My quest remains a simple one: to determine exactly what is the source of Britain’s lavatorial demise. With ironic timing, I arrived in Gloucestershire just as England’s elected and unelected leaders’ indulged in yet another scatalogical melee. Once again, we watched on as our ruling elite tried to navigate their way out of a water closet with an open door.
It sort of made sense to start at Ready Token. A place that most sounds like that particularly essential coin one must always carry in order to access public conveniences that are only convenient if one has the correct denomination. No penny? No spendy!
Aside from that, Ready Token is a ridiculously tiny hamlet of warm honey-coloured stone, albeit it is most famous for being the meeting place of six country roads and nine parish boundaries. Not the sort of place one wishes to encounter this sign….
One can only assume the local councillors scrummages over who isn’t going to take responsibility this week are legendary.
On the surface, Gloucestershire is the county most unlikely to stake the claim of being England’s lavatorial destination, given there is only Cockadilly, Ball’s Green and Lower Swell to get one’s immature inner-child sniggering. Oh, and Boxbush, which sounds like it should be obscene but isn’t, although curiously the bushless Box is.
In fact, it can safely be said that Gloucestershire is considerably more prim and proper than your average English county. It is only periodical acts of vandalism that has the village of Uckington made salacious but until it is temporarily returned to its otherwise straight-laced existence. This particular sign is said to be the most vandalised signpost in England, and on close inspection one can just about discern the white out.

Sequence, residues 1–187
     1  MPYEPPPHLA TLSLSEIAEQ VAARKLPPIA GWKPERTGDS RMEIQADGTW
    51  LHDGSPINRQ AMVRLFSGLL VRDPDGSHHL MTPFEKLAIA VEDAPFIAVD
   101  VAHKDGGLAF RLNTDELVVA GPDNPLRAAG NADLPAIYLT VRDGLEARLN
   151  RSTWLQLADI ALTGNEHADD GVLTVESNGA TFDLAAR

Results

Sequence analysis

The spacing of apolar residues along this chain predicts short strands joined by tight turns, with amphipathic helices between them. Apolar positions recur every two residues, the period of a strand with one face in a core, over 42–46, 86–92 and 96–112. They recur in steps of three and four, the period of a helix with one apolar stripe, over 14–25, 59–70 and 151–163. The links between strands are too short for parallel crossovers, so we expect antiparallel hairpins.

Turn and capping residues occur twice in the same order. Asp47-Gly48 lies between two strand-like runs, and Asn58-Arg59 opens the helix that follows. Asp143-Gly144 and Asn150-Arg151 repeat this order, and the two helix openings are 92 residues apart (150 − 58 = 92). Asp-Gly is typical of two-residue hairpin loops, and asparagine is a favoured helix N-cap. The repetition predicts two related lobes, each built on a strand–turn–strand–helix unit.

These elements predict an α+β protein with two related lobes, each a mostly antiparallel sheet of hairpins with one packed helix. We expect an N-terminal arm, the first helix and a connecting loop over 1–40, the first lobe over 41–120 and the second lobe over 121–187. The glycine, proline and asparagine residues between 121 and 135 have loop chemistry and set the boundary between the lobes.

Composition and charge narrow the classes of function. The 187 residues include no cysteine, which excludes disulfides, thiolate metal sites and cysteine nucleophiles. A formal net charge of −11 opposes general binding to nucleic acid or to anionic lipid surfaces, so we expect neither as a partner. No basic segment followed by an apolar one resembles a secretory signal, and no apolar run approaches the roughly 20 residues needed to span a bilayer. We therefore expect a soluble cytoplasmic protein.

Without the subtle art of graffiti, one could argue that Gloucester has all the hallmarks of a proper gentlemanly demesne.
Its stuffiness is best encapsulated in locations such as Tutshill, Old Sodbury and Miserden.
In fact, Miserden was once most famous for having the worst bandwidth in Britain. Well, I’d be quite miserly too, given I’d get neither entertainment nor income without the internet. That aside, it was quite the remarkable piece of Merrie England.
But Gloucestershire’s prudery is only true if one ignores the beauty of the Englishperson’s penchant for a good euphemism. A practice that is especially popular amongst the kind inclined to take offence to more precise terminology. For it is here, well below the surface, that Gloucestershire shines in all its degeneracy. This is, therefore, the first of several warnings about what is afoot...
The following tale of urban sewerage begins at Kemble. Back in 2006, a pseudonym going by the inspirational moniker of “Villager”, stated the place was, “a very shite village where nothing ever happens and nobody ever goes.”
Immediately, it struck me that the residents might be in urgent need of substantial doses of laxative. More pertinently, however, it was this assertion that piqued my curiosity before fully diverting my attention to the hitherto unexplored underworld better known as the Urban Dictionary.
With one click, I should have immediately been plunged into depths of depravity previously unplumbed. Except I also discovered that if I wanted to investigate Kemble further, I must first get myself disbarred from “top-shelf” content by proving my eligibility to peruse such sites with my phone provider. Being a credit-card owning, tax-paying, near quinquagenarian who had correctly filled in all the forms with said mobile company, this demand for telephone verification seemed a little, well, like excessive censorship. Moreover, it required two independent credit checks during the same phone call just to enable me to use my laptop for similarly nefarious literary purposes.